End of an era as last-ever Boeing 747 “Jumbo Jet” leaves Everett factory

The last Boeing 747 leaves the company’s wide-body factory ©Boeing/Paul Weatherman

It was a day for nostalgia at Boeing Co. on December 6 as the last-ever 747 Jumbo Jet, a 747-8 freighter left the company’s plant in Everett, Washington for completion before being delivered to Atlas Air early next year.

It was 54 years ago that the first-ever 747 rolled off the production line at the purpose-built plant in Everett on September 30, 1968, entering into service for its launch customer Pan Am on January 22, 1970. The 747, nicknamed the “Jumbo Jet” because of its extraordinary size at the time, was the world’s first twin-aisle commercial aircraft. Since then and as a family with multiple variants, 1,574 of the aircraft have rolled off the production line at Everett.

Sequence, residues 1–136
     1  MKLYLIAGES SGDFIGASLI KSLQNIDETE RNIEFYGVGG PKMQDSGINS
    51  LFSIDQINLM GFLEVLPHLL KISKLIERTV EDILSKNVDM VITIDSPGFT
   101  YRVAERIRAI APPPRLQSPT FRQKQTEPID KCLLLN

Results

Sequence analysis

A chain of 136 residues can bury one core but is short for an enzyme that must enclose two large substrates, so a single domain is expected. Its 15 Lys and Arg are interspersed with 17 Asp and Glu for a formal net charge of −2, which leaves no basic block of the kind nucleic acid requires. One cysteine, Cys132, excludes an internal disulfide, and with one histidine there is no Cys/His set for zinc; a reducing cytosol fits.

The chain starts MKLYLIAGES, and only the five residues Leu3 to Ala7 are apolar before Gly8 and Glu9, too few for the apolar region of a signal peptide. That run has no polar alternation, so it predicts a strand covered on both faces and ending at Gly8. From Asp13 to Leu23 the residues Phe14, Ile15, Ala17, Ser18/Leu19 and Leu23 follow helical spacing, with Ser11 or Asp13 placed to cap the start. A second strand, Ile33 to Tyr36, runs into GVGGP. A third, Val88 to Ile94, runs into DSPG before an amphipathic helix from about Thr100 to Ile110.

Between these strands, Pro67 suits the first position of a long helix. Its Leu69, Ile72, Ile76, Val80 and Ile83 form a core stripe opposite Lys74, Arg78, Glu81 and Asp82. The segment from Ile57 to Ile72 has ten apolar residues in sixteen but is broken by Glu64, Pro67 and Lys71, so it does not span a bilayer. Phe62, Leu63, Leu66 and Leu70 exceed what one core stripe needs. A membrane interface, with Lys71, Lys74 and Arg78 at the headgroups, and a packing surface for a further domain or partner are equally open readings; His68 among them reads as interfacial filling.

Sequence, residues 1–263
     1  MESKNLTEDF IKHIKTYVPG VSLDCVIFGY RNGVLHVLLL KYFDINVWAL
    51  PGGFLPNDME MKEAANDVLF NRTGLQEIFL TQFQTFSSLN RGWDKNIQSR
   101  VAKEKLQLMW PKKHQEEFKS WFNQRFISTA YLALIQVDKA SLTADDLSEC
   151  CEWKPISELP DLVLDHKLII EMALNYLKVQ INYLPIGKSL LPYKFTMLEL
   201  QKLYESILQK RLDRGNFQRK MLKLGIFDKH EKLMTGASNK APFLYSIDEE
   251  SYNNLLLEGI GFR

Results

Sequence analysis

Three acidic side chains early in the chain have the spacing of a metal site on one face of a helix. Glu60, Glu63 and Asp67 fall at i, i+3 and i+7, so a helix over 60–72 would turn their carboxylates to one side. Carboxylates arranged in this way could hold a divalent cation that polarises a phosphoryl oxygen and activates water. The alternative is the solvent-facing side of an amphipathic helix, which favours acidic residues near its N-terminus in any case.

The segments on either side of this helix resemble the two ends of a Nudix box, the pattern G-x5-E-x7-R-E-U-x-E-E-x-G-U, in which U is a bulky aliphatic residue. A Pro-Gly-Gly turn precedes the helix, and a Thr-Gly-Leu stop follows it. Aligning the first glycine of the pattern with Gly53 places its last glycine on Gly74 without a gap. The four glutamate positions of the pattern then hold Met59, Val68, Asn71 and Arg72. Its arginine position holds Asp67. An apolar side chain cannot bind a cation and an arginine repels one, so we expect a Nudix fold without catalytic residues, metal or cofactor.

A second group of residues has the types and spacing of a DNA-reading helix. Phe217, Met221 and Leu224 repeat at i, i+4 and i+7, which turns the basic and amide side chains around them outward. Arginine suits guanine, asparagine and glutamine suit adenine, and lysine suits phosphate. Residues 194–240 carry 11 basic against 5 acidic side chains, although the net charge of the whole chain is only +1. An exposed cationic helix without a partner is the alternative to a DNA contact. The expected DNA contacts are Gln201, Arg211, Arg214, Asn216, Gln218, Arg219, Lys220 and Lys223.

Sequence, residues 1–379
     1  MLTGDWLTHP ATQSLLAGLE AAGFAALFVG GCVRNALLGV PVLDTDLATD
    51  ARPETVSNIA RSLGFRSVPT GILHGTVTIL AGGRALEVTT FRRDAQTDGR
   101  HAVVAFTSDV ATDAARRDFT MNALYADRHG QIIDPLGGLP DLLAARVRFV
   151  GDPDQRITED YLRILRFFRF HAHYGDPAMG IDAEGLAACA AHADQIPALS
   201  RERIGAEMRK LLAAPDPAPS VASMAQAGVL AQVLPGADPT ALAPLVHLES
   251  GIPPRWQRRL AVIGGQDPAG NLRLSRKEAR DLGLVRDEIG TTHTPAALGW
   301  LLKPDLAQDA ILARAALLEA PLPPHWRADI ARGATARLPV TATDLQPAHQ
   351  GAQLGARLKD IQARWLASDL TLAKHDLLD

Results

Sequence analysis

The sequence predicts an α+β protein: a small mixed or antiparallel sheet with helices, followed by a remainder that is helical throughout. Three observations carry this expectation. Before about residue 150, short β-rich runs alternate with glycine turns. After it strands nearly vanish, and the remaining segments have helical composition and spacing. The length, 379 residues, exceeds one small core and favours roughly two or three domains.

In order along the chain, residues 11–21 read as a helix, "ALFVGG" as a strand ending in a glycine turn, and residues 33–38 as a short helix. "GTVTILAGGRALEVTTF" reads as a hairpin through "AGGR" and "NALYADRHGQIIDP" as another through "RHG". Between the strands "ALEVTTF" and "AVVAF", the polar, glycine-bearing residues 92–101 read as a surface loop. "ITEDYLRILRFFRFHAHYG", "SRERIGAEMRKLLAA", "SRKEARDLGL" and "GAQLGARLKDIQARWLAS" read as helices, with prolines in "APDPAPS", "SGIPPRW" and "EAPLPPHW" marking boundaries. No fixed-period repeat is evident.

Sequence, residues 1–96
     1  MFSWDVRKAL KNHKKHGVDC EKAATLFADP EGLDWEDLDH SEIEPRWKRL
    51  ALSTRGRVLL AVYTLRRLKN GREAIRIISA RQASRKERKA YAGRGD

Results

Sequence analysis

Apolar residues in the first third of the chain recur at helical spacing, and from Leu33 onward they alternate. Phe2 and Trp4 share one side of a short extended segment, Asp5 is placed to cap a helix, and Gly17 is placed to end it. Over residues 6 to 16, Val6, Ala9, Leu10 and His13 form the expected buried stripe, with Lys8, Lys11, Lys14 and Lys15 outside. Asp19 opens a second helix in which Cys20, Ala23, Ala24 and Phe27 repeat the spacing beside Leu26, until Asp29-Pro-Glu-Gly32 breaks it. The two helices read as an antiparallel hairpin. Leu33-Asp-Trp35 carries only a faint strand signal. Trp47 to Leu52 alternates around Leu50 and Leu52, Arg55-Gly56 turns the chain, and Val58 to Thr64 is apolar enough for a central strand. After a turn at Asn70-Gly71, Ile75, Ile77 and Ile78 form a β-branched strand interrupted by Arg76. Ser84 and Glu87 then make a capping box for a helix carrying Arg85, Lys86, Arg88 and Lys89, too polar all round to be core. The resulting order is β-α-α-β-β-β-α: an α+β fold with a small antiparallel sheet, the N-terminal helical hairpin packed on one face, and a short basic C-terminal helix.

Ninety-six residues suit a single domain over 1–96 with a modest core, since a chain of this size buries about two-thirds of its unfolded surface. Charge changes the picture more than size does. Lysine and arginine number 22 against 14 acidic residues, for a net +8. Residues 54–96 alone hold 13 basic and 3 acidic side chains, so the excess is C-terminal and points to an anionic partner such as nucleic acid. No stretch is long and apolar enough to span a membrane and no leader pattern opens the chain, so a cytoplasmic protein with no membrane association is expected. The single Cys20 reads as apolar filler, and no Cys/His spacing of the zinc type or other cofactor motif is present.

“For more than half a century, tens of thousands of dedicated Boeing employees have designed and built this magnificent airplane that has truly changed the world. We are proud that this plane will continue to fly across the globe for years to come,” said Kim Smith, Boeing Vice President and general manager, 747 and 767 programmes.

This final variant is a 747-8 freighter which has a revenue payload of 133.1 tonnes, sufficient to transport 10,699 solid-gold bars or approximately 19 million ping-pong balls!

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